The reason for making this project is that I was always fascinated by Conways Game of Life. It’s a great demonstration of the fact that simple things with a very simple set of rules can do wonderful things: spawn more of them, modify themselves, do logical operations, even create Turing machines. I suspect much more can be done using them, but there are even more interesting methods of doing so.
I made a simple implementation of Life on a PC, but so have a bazilion other people before me, of which I found very useful this one. My implementation is on a simpler device: An AVR with a 4×20 character display.
The Rules of the Game
The rules are very simple: There’s a 2D space organized into an XY grid of cells. A cell can be either DEAD or ALIVE. Each cell has 8 neighbours. The game is not a real time one, but a “turn based” one.The behaviour for the next-generation of cells is this:
Any live cell with fewer than two live neighbours dies, as if by loneliness.
Any live cell with more than three live neighbours dies, as if by overcrowding.
Any live cell with two or three live neighbours lives, unchanged, to the next generation.
Any dead cell with exactly three live neighbours comes to life.
The outcome of these rules is somewhat complex – a simple patern may create real marvels. Try loading some examples from the link above.
I play with AVRs alot – therefore I have chosen to use an AVR to control the process. The circuit is extremely simple – one AVR – the ATTiny2313, two resistors, a button, an LCD, two caps and that’s it! The resistor is there to limit the current flowing into the backlight of the LCD. The button adds a few random cells into the space. The AVR is the brain. It must be programmed with the hex file contained in this ZIP file. The AVR must be programmed to use the internal RC oscillator running at 8MHz without the internal prescaler. The fuses can be left on the factory setting, but the whole system will run at 1/8 of the desired speed. Which may be useful for those who wish to view in more detail the complex interactions of the cells. Oh, and you also need to enable the brouwnout detection for 4.3V or so. There’s only one board, which I made on an universal board and soldered together with wires. You can see it on the picture on the right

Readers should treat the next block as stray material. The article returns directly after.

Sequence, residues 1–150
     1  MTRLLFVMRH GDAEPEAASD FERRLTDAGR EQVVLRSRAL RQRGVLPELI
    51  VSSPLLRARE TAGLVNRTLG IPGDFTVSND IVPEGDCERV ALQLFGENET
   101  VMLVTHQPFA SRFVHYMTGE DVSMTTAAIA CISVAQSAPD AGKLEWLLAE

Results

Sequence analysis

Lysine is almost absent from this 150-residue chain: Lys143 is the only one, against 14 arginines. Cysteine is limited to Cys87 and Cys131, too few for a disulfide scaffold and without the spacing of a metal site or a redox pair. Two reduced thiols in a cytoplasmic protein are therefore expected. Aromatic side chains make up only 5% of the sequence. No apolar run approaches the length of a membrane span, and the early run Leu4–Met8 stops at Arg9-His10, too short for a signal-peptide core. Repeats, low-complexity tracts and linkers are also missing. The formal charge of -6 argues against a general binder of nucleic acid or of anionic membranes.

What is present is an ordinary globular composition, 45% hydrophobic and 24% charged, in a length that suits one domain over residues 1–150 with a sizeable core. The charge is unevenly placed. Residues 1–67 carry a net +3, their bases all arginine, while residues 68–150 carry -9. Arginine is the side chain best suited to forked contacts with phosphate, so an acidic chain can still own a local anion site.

The LCD is connected to the controller board using a simple connector:
The whole device runs of 5V. Power consumption is quite low – when you have no backlight on the LCD. If you have, than it can be anything from 100mA to 0.5A, depending on the type of the LCD used.
For more detail: The Game of Life using ATtiny2313 microcontroller